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S.G.B. Henry is in the Department of Applied Economics at the University of Cambridge; at the time of writing he was an Advisor in the European I Department. The authors are grateful to David T. Coe, George Sheldon, and Hari Vittas for helpful comments and suggestions. However, the authors remain responsible for the full content of the paper.
The ratio of the percent change in employment to the percent change in real GDP peaked at 3 in the second quarter of 1976, as compared to 8.5 in the second quarter of 1992.
Employment statistics may also fail to provide an accurate picture of labor market developments. The difficulties stem from the data collection methodology employed. Every five years, population and company employment censuses are taken. Between censuses, an employment index is used to extrapolate the number of employed. This method worked well during the 1970s; but during the 1980s, when the extrapolated series were compared to the 1985 census, the former predicted a considerably lower level of employment. An analysis of this discrepancy revealed that the shortfall of the extrapolated series is attributable to the failure of the employment index to record the strong increase in employment in the service sector. This suggests that the extrapolation method may overestimate the magnitude of cyclical declines in employment. There is consequently some concern that the observed sharp decline in employment in the recession of the early 1990s may be somewhat exaggerated (Sheldon (1993)).
During the 1975-76 recession, approximately 410,000 workers lost their jobs. Of this total about 211,000 were foreign workers who left Switzerland without ever registering as unemployed. Of the jobless workers remaining, only 7 percent registered as unemployed, while the other withdrew from the labor market. In contrast, during the 1982 recession, employment declined by about 92,000 workers; about one-third- of these workers were foreign and left Switzerland; and of the remaining jobless, about 25 percent registered as unemployed. See Projer (1993) and Sheldon (1988).
Another consequence of granting permanent resident status to low-skilled foreign workers is that these workers are more likely to become and remain unemployed during a downturn. In 1993, foreign workers accounted for 25 percent of the employable population, but represented 40 percent of the unemployed.
See OECD (1993).
For example, to qualify for unemployment benefits in Switzerland, an individual must have worked at least 6 months over the last two years; this amounts to a contribution period of one-fourth (6/24). In contrast, the contribution period in Germany and France is one-third and one-half, respectively. The minimum payment duration is also longer in Switzerland than in the other countries in the sample (Sheldon (1993)).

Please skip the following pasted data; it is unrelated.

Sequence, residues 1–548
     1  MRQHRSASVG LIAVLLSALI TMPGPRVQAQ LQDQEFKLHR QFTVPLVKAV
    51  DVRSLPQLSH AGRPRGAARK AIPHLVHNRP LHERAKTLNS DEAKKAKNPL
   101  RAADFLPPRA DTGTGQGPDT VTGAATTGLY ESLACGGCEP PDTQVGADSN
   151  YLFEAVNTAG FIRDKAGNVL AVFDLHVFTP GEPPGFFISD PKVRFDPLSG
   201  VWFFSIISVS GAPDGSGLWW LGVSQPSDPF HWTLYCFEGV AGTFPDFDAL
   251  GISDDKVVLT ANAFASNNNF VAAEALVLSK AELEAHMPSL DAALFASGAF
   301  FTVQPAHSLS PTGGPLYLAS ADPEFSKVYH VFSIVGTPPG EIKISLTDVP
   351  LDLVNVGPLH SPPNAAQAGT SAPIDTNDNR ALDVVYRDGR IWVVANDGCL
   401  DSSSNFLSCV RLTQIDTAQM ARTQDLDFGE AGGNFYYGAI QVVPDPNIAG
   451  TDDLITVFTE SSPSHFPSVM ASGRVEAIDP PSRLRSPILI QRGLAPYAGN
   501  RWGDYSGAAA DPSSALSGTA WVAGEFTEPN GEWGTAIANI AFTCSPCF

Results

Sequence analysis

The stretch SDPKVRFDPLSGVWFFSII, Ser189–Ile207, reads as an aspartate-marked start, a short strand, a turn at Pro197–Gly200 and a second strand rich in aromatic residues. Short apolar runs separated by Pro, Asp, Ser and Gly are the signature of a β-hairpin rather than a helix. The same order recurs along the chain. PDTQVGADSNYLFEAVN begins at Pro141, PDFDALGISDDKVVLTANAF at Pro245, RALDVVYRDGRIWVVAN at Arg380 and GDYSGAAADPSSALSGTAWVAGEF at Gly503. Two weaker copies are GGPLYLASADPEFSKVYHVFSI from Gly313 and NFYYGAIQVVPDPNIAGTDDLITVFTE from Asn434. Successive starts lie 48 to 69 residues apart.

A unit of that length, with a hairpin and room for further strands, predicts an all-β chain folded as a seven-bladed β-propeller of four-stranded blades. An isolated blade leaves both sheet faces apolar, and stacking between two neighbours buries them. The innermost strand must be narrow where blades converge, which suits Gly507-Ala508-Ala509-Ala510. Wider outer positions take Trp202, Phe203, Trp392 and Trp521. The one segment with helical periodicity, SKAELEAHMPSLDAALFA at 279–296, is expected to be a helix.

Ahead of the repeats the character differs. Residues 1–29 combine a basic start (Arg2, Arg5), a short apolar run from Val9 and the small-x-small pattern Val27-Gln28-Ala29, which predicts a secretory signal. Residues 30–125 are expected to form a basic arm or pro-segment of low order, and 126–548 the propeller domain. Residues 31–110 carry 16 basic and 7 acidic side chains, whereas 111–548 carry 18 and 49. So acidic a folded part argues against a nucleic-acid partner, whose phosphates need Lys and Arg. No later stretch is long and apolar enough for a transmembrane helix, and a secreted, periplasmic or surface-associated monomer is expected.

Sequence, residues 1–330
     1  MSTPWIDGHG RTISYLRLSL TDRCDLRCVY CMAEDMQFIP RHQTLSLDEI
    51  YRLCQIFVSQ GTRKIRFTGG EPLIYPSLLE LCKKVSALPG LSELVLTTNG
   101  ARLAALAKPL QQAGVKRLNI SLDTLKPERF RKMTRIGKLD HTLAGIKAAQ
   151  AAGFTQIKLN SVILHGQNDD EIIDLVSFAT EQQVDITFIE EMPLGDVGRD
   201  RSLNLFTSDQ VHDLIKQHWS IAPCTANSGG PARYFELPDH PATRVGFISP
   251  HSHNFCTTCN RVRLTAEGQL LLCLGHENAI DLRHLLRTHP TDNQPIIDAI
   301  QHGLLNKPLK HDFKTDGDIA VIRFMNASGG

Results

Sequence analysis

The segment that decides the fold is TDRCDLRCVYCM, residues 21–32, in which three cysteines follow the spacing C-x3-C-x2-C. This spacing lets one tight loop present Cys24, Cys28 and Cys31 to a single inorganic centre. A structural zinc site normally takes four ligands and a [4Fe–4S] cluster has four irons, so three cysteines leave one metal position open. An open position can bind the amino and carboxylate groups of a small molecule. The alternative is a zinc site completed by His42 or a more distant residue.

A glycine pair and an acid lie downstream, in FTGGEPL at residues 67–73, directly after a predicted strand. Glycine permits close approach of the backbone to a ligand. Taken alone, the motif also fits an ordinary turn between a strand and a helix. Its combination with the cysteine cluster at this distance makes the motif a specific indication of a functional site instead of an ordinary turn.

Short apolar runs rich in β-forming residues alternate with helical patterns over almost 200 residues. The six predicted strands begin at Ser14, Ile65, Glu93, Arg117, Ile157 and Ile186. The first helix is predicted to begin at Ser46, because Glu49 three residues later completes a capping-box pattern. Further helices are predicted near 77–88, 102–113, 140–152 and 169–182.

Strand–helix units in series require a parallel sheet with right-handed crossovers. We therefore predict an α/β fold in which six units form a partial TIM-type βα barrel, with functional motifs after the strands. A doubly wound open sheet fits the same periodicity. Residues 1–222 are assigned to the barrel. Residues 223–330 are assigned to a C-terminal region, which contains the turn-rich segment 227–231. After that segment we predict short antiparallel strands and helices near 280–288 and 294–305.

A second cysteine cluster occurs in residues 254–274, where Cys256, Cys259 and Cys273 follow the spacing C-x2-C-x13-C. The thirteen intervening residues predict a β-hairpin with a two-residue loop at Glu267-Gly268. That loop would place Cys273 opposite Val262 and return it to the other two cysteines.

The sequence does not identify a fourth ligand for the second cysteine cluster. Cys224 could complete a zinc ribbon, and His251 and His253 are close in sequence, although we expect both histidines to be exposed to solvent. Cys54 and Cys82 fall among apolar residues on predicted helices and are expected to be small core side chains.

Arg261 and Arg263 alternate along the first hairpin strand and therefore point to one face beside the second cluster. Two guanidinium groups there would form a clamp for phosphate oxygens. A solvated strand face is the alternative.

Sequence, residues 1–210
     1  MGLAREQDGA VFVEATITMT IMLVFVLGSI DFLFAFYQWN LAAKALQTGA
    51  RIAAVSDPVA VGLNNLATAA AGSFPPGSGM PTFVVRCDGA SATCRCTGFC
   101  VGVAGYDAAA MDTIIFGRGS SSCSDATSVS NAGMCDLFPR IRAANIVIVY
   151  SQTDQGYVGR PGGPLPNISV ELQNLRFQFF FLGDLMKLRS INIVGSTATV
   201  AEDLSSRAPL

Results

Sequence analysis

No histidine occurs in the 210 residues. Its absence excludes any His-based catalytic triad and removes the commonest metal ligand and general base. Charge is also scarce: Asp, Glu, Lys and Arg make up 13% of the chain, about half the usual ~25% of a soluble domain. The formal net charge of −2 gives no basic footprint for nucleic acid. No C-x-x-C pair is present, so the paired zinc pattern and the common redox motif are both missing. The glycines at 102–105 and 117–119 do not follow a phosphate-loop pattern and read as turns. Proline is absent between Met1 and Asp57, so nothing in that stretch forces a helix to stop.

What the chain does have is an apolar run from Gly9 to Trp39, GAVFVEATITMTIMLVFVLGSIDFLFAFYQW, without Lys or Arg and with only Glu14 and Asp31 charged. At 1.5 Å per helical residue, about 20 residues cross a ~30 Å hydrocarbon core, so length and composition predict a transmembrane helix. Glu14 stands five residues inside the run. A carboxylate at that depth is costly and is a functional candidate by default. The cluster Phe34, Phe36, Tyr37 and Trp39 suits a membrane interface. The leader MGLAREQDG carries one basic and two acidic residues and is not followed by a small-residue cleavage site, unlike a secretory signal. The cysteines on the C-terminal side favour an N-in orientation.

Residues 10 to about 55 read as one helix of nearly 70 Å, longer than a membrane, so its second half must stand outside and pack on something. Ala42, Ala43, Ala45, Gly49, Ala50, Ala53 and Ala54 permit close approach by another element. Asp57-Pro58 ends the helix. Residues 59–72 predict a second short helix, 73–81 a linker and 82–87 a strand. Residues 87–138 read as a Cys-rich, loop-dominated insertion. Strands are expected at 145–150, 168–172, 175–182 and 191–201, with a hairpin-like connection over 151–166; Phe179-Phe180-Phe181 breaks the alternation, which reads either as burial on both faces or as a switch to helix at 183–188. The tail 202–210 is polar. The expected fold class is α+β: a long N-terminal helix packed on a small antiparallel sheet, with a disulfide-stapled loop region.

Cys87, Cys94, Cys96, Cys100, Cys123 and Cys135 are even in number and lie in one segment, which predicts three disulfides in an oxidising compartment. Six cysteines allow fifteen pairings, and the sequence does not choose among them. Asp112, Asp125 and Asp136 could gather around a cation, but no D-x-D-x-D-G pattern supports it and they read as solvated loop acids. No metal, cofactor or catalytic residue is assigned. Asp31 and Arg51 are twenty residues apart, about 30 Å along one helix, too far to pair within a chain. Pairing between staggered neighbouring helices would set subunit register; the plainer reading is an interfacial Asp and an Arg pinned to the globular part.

This finding is consistent with evidence from other OECD countries in which the impact of unemployment benefits, where significant, tends to be modest in size. See, for example, Adams and Coe (1990), and Calmfors (1990).
Using a Lorenz curve, a Gini coefficient is calculated for each quarter. The Lorenz curve is obtained by ranking the cantons according to the number of unemployed and drawing a diagram of their accumulated shares in the total number of employed and the total number of unemployed.
See Nickell and Andrews (1983).
The real exchange rate is actually the inverse of the competitiveness indicator which is used by Layard, Nickell, and Jackman (1991).
Tests such as the Dickey-Hasza-Fuller (DHF) test are appropriate for this. On the basis of this, both prices and wages appear to be I(1,1), as the estimated ADF(4) statistics are -6.3 and -4.8 respectively (compared with a 95 percent cut-off value of -4.46).
The Eigenvalue test results are as follows: r ≥ 1 = 38.0 as compared to a critical value of 28.7; and r ≥ 2 = 11.2 as compared to a critical value of 17.9.
The Eigenvalue test result is r ≥ 2 = 25.76 as compared to a critical value of 19.9.
Based on average values of the right hand side variables for the period 1975Q4-1989Q4, this methodology yields an historical estimate of the NAIRU of 0.16 percent, which is largely consistent with other estimates for this period, see OECD (1993). Other estimates reported in OECD (1994) give much larger values for the NAIRU for the recent past. These are based on very different methodologies however. For example, one estimate using a Hodrick-Prescott filter, gives 3.1 percent for the NAIRU in 1993. The drawback with this estimate is that it is largely determined by the movement in actual unemployment itself.